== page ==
|Maj. Richardson & British Red Cross dogs|
That the WWI was a largely static war it is a commonplace definition, which may not be so stimulating to approach new insights in its history but is in many regards correct, at least if we keep the common anthropocentric point of view. Nevertheless, animals counterbalanced someway the motionless of the human beings: While soldiers were lying in the trenches, pets were often employed to move constantly between the front line and the HQ. Dogs for example.
A conservative estimate places the number of dogs employed at nearly 50.000, most of them enrolled in the German and French Army (Americans troops borrowed dogs from their allies, since they had no organized dog units). A variety of breeds (above all German Sherperd and Labrador Retriever) were used during the Great War for different purposes. As pigeons, dogs were employed to deliver messages, but – different from the birds – they were also able to transport others materials, carrying food and ammunition for troops. They were also used for sentry and scout, even to haul machine guns on wheeled carts. We’ll try to consider each of these dogs units in the future posts, we'd like to focus for the moment on a special one used during the WWI, i.e. the Red Cross dogs, also called "mercy dogs". These animals were trained to provide wounded men with two essential service. Firstly, they carried medical supplies and small canteens of water or spirit, so that wounded soldiers, if conscious, could avail themselves of these supplies. Secondly, the mission of Red Cross dogs was mainly to search and rescue soldiers, who were not able to move. If the wounded man was behind his own battle line, the mercy dog had simply to call for his handler. If they had to work in no man's land, the dogs were trained, once a wounded man was located, to return to their handler carrying the helmet or a piece of his uniform in order to inform the medical unit this way, someone who needed urgent help had to be rescued. To accomplish their mission mercy dogs had to deal with deadly gases, slit trenches and artillery. Sometimes dogs were able to drag men into protective places and trenches before alerting their master.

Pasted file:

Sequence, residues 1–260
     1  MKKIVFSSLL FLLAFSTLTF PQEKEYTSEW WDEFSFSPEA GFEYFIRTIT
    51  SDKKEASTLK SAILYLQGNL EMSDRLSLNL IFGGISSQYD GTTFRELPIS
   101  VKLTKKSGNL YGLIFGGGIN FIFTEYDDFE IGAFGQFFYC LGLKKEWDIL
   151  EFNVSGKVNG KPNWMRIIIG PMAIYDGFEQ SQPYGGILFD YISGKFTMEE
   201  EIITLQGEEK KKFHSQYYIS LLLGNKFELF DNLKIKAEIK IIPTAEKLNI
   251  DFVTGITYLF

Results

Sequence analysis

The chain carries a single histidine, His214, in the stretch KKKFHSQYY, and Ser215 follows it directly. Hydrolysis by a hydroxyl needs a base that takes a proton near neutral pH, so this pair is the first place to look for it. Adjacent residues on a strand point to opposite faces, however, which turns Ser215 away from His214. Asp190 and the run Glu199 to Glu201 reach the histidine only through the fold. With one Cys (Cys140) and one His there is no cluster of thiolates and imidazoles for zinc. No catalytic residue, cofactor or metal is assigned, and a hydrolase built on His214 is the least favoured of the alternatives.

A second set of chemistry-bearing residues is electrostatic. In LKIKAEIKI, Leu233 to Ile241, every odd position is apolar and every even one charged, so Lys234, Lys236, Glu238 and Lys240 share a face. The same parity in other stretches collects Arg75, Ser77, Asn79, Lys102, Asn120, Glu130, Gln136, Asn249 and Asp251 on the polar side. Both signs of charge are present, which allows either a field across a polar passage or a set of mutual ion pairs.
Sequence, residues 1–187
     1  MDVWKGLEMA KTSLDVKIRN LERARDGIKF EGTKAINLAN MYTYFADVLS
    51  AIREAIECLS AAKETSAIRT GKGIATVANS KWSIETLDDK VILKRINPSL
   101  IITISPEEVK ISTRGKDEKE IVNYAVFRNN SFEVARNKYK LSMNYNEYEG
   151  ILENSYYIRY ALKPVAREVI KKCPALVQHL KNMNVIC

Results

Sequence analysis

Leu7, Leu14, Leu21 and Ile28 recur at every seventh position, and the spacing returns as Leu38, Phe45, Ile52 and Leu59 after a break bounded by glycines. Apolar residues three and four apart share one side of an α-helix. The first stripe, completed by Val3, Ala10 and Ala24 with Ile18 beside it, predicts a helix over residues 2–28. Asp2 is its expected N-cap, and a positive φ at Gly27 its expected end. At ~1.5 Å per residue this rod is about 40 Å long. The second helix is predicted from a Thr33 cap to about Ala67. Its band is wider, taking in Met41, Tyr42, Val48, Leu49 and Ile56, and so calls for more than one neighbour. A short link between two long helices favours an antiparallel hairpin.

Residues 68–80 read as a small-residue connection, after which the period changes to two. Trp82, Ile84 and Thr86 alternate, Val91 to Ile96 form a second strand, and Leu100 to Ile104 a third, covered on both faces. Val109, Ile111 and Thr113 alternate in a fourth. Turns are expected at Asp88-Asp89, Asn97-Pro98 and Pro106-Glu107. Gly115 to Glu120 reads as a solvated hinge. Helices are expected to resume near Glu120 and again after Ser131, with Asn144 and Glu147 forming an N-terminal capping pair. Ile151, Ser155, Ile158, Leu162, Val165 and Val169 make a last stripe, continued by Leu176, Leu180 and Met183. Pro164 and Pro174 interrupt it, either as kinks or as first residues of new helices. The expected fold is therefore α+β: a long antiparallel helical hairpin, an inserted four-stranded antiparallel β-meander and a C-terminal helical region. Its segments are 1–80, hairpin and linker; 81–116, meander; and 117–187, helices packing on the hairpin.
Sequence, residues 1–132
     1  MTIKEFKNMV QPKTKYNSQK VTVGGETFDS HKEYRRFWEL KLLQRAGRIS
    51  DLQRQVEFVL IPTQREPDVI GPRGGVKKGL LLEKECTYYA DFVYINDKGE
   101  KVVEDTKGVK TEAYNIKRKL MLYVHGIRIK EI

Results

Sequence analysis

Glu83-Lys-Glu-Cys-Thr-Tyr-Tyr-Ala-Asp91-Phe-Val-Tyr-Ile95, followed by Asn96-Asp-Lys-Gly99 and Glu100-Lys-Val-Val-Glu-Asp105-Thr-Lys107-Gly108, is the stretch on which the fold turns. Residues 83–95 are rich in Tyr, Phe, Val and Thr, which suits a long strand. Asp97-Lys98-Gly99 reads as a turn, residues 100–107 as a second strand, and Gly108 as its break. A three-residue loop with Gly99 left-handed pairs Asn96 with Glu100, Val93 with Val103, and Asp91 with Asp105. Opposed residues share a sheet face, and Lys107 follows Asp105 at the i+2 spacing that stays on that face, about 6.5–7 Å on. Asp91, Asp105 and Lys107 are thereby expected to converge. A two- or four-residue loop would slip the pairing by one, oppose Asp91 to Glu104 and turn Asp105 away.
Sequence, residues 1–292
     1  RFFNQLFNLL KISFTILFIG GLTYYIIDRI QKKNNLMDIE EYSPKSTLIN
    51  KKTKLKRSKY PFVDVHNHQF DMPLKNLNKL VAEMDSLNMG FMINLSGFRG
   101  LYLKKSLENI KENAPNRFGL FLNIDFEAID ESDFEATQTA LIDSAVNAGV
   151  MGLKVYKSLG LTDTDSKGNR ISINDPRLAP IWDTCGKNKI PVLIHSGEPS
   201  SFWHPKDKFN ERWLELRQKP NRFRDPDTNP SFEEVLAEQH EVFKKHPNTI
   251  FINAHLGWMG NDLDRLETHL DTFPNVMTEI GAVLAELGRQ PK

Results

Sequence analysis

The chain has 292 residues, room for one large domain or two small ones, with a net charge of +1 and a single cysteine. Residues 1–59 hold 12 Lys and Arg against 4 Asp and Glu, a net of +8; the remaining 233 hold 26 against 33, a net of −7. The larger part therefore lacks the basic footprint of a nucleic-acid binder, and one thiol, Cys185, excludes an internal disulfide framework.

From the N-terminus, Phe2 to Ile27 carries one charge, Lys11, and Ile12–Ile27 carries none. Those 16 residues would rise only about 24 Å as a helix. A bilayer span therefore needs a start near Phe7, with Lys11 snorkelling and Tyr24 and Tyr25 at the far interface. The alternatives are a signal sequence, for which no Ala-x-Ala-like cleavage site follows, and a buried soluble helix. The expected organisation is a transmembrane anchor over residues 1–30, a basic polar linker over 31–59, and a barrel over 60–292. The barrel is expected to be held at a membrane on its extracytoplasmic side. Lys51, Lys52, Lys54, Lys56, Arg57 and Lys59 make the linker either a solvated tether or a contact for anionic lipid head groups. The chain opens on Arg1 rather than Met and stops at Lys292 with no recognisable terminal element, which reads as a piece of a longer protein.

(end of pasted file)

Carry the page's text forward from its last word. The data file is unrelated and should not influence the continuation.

Thousands of soldiers owed their lives to these mercy dogs during the Great War and it is therefore not astonishing that a special cemetery was dedicated to this animals. If you are in New York, we recommend to visit, just outside the city, the Hartsdale Canine Cemetery and have a look to the monument of a German shepherd, dedicated to all dogs, as we can read, “for the valiant services rendered in the World War, 1914-1918.”